Get Outside

Hiking Flat Top Mountain in Anchorage

June 4, 2015

It seems that everyone who lives in Anchorage has climbed Flat Top Mountain at least once in their time of residency. The location is perfect; it’s visible from town, and only a 15 minute drive to the trail head. Once at the trailhead, it offers sweeping views of the city, the water, and other surrounding mountains.

In a word, it’s beautiful.

View from Powerline Pass

View from Powerline Pass

On any given day in the summer, you can find hundreds (no lie) of people scaling their way up the 3500 ft tall peak. I like to use the term peak lightly, because the mountain is so easily identifyable by it’s lack of a peak. With Anchorage days getting so long, it’s not uncommon to see residents hiking or running early before work, or late into the night. (I personally prefer to bring a bottle of wine along, for sunsets at The Best Damn Bench.)

On a recent Friday, we took advantage of the 65* weather to climb Flat Top with the pups. Armed with plenty of water and stable shoes, we joined the masses. We saw everything from casual hikers in flip flops (which is a crazy bad idea!) to trail runners, running up the mountain faster than I run on paved trails.

Gorgeous views everywhere you look

Gorgeous views everywhere you look

The peak!

The peak!

View from Flattop of Anchorage

View from Flattop of Anchorage

For those looking to tackle the Most Often Climbed Peak in Alaska, I’ve got some stuff that will help.

1. Go on a weekday. Avoid the weekend crush, and have the trail to yourself a little bit more.

2. Wear steady hiking shoes. Plenty of people go up in tennis shoes. Plenty of people get hurt. Avoid as much risk as possible.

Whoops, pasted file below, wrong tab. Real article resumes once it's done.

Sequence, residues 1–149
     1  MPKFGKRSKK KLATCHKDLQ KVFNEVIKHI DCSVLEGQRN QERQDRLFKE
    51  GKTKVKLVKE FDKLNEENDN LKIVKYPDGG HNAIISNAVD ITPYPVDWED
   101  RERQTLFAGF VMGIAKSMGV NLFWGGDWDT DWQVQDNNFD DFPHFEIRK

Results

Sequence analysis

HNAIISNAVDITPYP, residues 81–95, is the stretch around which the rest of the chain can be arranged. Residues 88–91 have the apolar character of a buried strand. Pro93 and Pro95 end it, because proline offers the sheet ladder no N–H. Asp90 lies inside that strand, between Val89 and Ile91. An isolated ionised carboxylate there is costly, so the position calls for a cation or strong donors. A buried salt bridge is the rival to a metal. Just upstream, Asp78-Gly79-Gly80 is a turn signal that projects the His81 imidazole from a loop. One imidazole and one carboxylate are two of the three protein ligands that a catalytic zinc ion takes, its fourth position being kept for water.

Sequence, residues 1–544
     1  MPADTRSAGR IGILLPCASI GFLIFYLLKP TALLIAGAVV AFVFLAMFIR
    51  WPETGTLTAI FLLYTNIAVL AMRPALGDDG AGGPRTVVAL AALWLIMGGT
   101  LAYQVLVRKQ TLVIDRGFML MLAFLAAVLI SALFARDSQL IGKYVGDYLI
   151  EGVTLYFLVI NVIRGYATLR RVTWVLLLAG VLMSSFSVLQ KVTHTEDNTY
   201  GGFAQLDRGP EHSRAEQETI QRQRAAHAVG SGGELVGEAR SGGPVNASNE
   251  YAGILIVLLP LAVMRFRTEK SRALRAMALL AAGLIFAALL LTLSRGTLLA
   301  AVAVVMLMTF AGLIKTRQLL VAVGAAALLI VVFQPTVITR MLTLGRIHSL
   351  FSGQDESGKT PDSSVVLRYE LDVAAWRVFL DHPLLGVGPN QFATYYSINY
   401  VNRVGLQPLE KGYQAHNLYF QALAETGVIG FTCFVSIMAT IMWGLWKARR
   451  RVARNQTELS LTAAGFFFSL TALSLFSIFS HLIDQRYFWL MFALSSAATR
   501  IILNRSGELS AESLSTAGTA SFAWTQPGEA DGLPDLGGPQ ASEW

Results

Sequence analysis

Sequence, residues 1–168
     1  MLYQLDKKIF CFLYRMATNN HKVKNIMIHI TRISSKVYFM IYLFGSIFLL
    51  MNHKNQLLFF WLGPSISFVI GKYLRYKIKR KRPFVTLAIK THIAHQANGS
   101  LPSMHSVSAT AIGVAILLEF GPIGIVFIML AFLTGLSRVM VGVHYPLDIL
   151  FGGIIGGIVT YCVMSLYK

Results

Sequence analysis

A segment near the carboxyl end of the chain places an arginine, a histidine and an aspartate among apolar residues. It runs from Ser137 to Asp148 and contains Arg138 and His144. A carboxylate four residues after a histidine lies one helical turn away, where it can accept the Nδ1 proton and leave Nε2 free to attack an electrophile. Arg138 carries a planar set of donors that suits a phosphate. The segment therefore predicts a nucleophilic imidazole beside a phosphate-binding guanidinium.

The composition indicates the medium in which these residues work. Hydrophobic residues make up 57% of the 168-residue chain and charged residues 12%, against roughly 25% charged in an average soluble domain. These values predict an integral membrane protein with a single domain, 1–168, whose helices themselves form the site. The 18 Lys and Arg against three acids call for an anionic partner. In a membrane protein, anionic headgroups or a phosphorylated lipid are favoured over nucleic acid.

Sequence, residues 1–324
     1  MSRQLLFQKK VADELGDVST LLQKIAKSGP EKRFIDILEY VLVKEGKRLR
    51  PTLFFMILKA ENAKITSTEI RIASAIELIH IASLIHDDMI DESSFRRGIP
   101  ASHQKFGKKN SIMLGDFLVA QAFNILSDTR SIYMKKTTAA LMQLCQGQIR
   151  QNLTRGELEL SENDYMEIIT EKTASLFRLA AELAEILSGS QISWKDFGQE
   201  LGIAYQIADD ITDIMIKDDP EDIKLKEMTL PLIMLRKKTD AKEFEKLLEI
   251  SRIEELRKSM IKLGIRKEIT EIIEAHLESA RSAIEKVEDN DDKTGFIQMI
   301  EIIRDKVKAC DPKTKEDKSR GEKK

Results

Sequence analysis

3. Look at a map first. It amazes me how many people get lost on the mountain every year – despite being able to see town. This girl got lost for a whole night, and was found without her shoes. How??? I don’t know. But don’t risk it. Here’s a handy map!

Trailhead and Parking is at the top, the mountain is the bottom right.

Trailhead and Parking is at the top, the mountain is the bottom right.

4. Bring a basket! or wine! In the late summer, you can pick blueberries on the North side of the first saddle. In the fall, it’s wonderful to bring some wine or beer to drink while you celebrate your accomplishment.

5. Enjoy yourself. It’s a tougher hike, with some really steep parts – but the whole time you’re walking, you’re rewarded with the best views. I always like to look for my house, my office, Matt’s office, and other notable landmarks.

 

If you decide to tackle Flat Top, here’s a link from the DNR with information on how to get there, and what to expect.

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